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Smoking Health Promotion

By CadeWh Dec 03, 2013 1031 Words
Health Promotion Reflection
In this reflection I will be using Gibbs Model of Reflection (Jasper M, 2003). I will be talking about a patient who was advised to give up smoking, as part of promoting health to the patient but not directly linked to their illness and treatment.

What Happened.
I had a patient come into the ward who had had surgery, but this patient was overweight and a smoker which always effects the procedure and recovery. During the nights they had to sleep with a machine to help him breath but during the days he would still manage to get outside for a smoke while he was in recovery.

Feelings.
Obviously this was a bad thing that was happening to this patient as smoking can slow down recovery because it effects how the body works with regards to oxygen intake and oxygen circulation (Thibodeau & Patton 2010). As smoker though, I can see how the patient would of benefitted emotionally as smoking can relieve stress and boredom, though these temporary fixes don’t outweigh the health problems it was obviously causing the patient. One of the nurses on duty and myself tried talking to the patient about their smoking and the first thing we needed to know is if they would like help to quit. As this is important because to change, the patient has to want to change (Cocoran N, 2007). The model from Prochaska and diclemente (1984) illustrates this point very well with their trans theoretical model of change. We tried to explain how smoking could effect this patient’s ability to heal and also problems caused to their breathing during the night. I understood why the nurse was suggesting this and that I should be promoting health also but if the patient needed to smoke for that short term fix, then why shouldn’t they be able to. Personally I felt like a bit of a hypocrite because I smoke myself and to promote it to someone else that they should not smoke did not seem right, but as a nurse, professionally I know we have to do this, and I have to remember that it is the patient in the bed who needs to recover from surgery, not me.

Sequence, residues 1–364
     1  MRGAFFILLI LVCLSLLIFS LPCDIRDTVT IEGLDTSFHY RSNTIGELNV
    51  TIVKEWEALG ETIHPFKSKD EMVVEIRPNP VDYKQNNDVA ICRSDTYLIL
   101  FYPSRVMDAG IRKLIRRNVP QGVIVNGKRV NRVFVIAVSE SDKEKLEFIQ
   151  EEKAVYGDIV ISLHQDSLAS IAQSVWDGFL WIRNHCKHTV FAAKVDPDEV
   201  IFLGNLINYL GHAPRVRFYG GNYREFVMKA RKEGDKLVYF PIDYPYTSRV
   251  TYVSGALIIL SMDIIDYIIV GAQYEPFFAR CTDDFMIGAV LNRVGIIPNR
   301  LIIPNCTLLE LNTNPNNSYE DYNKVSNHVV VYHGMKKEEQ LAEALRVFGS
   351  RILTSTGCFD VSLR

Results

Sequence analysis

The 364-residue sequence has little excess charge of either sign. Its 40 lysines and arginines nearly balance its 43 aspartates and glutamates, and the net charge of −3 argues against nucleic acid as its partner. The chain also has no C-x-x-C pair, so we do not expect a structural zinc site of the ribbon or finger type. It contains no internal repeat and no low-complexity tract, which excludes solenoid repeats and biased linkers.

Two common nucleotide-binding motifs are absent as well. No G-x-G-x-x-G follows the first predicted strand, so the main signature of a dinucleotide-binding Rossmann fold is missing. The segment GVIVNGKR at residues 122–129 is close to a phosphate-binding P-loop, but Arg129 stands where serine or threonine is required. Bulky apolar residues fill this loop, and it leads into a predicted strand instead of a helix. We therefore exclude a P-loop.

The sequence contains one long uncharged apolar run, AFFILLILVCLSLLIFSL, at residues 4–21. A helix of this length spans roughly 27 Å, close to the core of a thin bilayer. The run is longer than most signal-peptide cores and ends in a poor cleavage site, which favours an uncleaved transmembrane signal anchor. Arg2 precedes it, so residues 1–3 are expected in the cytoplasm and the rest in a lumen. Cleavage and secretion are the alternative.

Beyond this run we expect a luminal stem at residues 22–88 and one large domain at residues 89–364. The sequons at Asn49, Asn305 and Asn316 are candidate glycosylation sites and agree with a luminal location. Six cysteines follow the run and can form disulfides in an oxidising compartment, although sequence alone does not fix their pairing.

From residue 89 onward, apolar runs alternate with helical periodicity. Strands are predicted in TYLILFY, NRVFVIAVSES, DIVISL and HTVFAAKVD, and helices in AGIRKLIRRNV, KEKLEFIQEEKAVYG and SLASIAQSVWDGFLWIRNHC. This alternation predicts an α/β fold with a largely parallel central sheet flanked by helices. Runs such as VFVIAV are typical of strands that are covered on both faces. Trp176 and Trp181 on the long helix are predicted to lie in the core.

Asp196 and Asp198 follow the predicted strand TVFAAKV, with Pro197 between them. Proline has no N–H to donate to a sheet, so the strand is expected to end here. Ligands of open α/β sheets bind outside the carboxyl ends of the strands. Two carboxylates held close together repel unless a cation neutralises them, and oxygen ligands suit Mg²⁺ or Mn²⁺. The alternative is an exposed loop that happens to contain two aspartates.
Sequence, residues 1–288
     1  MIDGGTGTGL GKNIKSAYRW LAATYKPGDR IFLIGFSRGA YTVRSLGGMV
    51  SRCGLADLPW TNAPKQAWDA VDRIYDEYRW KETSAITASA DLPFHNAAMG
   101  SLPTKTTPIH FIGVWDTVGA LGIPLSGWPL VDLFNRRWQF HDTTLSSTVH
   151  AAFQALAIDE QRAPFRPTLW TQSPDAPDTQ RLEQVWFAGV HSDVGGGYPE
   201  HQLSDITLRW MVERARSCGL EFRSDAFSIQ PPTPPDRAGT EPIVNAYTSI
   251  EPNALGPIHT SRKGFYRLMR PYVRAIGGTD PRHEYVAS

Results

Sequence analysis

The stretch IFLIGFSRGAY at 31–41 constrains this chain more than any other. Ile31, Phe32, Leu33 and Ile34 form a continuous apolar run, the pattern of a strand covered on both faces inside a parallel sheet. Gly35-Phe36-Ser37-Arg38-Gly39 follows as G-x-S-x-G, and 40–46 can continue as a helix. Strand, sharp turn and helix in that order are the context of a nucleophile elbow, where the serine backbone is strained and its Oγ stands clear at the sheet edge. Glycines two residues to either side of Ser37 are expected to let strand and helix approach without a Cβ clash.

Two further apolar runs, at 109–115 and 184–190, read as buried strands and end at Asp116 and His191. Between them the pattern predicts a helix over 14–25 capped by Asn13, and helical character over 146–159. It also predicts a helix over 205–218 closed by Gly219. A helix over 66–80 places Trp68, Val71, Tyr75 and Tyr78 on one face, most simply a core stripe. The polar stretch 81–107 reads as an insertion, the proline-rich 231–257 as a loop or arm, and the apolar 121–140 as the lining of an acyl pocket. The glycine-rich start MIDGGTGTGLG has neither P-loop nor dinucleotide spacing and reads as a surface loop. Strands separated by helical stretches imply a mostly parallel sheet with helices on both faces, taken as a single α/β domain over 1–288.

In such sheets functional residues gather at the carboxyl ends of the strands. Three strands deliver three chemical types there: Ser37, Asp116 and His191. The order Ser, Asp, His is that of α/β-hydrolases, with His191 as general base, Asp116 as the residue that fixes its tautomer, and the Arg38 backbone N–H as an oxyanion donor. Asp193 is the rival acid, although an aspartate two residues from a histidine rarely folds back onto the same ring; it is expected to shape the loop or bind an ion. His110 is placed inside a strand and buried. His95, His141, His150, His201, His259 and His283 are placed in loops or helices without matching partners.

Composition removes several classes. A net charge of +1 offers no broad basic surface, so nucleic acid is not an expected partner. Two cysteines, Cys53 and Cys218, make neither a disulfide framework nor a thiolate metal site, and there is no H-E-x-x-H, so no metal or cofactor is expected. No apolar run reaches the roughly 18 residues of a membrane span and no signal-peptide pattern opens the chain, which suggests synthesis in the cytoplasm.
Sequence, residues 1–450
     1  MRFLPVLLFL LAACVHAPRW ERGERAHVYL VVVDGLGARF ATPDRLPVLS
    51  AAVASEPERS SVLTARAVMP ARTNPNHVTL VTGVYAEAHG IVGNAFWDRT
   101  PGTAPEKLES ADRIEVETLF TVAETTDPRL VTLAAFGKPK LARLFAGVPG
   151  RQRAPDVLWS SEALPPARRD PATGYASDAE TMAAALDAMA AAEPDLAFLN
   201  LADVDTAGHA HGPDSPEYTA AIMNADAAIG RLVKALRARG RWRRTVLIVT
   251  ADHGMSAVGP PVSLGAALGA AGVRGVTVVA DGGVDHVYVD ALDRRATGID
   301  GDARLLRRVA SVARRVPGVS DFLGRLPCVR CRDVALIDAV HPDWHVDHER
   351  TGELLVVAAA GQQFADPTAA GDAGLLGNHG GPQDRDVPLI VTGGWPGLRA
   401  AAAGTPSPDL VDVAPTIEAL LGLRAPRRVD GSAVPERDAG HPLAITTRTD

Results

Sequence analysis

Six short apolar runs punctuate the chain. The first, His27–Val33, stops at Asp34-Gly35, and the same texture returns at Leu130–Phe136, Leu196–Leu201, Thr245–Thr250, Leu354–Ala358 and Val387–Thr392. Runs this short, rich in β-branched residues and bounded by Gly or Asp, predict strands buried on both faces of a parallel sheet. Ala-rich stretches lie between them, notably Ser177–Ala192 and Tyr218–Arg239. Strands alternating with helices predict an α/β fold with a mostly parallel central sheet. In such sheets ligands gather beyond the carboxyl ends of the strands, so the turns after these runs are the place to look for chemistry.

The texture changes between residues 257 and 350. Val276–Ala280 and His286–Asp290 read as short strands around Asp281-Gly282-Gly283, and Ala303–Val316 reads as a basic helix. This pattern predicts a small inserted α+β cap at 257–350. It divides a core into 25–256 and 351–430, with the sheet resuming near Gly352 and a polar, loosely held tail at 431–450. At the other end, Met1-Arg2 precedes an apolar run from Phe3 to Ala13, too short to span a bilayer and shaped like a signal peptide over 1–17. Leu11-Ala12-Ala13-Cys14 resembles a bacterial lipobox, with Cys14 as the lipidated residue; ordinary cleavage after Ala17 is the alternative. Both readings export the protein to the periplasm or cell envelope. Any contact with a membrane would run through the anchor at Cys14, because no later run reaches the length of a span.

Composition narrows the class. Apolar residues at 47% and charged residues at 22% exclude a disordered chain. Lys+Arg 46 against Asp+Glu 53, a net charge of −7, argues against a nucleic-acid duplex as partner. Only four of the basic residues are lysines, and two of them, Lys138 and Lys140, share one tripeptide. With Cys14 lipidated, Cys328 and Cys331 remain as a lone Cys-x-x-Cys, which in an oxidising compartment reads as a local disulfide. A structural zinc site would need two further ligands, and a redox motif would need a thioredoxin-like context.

What sense I made of this.
I brought this up with the nurse later on and asked if it wasn’t better for the patient to have some emotional relief from smoking while they were in hospital, rather than saying they can’t smoke and the patient becoming ‘stressed out’. The nurse said that I wasn’t understanding health promotion properly. She explained that if the patient chooses to smoke whilst in hospital it is up to them, but that she was concerned with the long term effects of smoking, so the nurse was thinking about him even when he would be discharged from our ward. I understood what the nurse was doing now and saw logic behind what she was saying the patient and explaining to myself. My understanding as to why smoking effects the bodies healing ability is due to a number of reasons. Smoking destroys the cilia in the throat which helps us fight infections and rids us of bacteria and micro-organisms (Layman 2004). Also when people smoke they intake carbon monoxide and other substances that obstruct and kill alveoli which passes oxygen into the blood (Norris and Siegfied 2012) and for tissue to heal it needs a good blood supply that is richly saturated with oxygen (Chambers and Leaper, 2011). We tried to explain this to the patient in a simple way so that there was not any medical jargon.